It is important to protect the rights of these vulnerable workers, and they are entitled to the same working conditions as all Australians when they are in our country. It is the way it is. I know the horticultural industry certainly faces a great deal of competition internationally and in other countries. These horticultural workers are paid a pittance, and it does create issues of competition for Australian farmers to have to be in a position where they are paying a full and decent wage and then selling on a market where people are being paid a couple of dollars an hour in Chile, in Mexico and in countries throughout Asia that they are in competition with. That can be a real challenge, but it is the law of this country that people are entitled to that level of protection.
The nature of contracting often means that farmers themselves are at arms-length from the really unsatisfactory arrangements, and I believe that this law really creates a measure of protection not only for the worker but also for the farmers. Generally speaking, it is safe to say they do not want to be associated with those sorts of exploitative practices.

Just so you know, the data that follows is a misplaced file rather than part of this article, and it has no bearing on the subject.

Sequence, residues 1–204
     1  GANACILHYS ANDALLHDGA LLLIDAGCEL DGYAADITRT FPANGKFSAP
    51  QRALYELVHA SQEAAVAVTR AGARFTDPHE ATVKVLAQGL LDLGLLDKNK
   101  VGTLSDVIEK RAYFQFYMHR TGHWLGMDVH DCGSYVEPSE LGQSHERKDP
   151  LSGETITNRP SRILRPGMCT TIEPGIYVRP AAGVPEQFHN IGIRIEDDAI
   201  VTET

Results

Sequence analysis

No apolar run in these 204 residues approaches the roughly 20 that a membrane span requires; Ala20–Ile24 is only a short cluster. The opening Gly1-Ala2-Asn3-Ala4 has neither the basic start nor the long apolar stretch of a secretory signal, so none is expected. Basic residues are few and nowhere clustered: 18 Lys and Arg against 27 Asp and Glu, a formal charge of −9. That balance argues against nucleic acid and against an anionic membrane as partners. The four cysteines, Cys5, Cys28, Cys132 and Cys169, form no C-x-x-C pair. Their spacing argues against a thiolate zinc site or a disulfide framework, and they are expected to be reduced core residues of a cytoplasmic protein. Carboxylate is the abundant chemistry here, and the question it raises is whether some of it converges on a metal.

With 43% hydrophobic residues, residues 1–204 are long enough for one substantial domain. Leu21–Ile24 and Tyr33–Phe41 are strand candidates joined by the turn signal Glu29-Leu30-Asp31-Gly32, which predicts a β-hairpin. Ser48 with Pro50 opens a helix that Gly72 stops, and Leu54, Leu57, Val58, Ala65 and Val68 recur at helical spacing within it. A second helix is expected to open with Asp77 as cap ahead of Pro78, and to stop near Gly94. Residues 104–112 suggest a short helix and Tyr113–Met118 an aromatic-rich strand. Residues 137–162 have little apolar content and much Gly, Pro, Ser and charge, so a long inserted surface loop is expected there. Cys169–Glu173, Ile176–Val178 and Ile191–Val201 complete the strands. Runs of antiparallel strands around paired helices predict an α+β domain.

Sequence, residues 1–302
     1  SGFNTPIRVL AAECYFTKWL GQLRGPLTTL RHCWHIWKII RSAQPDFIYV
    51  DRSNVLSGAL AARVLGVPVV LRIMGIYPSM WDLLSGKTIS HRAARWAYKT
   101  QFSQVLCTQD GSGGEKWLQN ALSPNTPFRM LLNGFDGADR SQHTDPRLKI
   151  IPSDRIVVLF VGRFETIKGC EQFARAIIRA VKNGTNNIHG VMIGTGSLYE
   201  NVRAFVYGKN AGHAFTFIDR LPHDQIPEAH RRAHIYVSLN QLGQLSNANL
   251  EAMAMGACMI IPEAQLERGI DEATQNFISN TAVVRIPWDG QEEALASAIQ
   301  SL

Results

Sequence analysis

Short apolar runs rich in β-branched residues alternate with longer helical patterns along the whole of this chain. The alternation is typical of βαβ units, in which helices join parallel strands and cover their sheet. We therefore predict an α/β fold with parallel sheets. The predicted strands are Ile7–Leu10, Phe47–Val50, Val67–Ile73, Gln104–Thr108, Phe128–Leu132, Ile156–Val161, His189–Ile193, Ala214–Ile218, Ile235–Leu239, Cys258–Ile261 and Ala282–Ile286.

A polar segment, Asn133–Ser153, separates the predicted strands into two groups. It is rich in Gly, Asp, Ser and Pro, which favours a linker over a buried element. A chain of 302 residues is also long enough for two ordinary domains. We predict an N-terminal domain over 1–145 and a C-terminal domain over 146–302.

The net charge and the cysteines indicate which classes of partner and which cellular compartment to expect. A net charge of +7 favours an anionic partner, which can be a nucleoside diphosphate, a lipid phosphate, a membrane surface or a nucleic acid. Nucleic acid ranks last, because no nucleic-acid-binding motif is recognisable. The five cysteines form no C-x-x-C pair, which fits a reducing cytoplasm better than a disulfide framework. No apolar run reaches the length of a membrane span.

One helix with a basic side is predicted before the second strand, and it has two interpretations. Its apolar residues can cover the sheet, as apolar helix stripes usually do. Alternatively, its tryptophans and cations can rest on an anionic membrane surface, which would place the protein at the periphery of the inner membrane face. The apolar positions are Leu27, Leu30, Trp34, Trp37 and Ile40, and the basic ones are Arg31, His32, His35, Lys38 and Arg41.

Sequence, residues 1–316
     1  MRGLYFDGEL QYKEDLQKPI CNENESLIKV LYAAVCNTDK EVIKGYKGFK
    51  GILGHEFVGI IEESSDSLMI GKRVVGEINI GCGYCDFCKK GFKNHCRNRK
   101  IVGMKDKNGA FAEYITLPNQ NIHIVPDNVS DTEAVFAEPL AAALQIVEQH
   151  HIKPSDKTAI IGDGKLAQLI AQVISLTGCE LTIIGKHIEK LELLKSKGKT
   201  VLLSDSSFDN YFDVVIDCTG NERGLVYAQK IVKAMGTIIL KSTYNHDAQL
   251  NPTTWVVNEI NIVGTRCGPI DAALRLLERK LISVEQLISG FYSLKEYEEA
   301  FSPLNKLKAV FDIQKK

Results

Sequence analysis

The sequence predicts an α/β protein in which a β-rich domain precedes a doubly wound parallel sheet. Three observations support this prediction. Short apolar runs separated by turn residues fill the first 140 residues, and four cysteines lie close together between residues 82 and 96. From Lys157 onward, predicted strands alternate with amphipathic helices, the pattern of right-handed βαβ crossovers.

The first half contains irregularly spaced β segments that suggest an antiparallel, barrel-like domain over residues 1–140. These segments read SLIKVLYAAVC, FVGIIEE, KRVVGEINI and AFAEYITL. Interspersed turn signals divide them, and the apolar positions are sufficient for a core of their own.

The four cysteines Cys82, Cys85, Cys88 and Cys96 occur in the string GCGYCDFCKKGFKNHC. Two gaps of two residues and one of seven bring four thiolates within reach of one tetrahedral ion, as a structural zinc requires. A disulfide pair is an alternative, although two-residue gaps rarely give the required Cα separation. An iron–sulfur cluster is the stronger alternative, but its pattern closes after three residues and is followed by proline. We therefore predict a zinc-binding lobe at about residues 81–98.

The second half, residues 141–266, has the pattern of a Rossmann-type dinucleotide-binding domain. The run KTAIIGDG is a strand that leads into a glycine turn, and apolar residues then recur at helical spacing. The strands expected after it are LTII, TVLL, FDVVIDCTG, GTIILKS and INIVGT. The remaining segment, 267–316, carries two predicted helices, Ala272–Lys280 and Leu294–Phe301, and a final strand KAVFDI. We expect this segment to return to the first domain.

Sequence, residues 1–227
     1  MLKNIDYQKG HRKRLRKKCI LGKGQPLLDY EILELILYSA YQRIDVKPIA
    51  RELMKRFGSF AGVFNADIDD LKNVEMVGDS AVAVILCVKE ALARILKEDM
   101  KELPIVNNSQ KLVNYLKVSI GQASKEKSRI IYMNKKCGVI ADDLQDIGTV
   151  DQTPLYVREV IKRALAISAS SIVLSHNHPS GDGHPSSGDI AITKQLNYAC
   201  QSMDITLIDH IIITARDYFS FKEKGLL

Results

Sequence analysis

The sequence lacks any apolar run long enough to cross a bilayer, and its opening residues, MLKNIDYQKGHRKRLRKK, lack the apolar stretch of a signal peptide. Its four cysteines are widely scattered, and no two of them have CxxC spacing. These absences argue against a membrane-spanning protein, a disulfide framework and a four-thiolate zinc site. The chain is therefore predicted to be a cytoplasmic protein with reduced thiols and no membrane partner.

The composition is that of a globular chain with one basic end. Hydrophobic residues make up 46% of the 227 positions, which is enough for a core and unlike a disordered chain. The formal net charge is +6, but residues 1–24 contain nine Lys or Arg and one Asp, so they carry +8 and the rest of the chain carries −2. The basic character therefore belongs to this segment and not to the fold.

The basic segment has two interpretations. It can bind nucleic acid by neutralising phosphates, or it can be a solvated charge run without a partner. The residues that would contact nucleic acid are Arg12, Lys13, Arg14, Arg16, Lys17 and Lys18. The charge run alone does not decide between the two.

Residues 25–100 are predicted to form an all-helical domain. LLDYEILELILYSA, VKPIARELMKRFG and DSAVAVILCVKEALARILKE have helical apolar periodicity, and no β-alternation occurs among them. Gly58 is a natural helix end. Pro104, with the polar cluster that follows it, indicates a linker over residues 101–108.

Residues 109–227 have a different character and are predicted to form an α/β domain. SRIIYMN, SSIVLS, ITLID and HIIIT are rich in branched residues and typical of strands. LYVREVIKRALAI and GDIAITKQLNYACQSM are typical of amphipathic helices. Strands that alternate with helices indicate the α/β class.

It is also important to look at the knock-on effect of these sorts of practices, and there is a knock-on effect to farming industries and that is another reason to remedy it. The agriculture and horticulture industry, in particular, is inherently reliant on seasonal workers, and reputational damage by stories such as we heard before the inquiry and more broadly should not be underestimated. We saw the damage that was done during the backpackers debate in federal Parliament, and I can say from my own personal experience that it is apparent that that did have an impact on getting the number of workers into this country that we need at times. That sort of reputational damage does us no good. Similarly the exploitation of workers would easily have the same effect.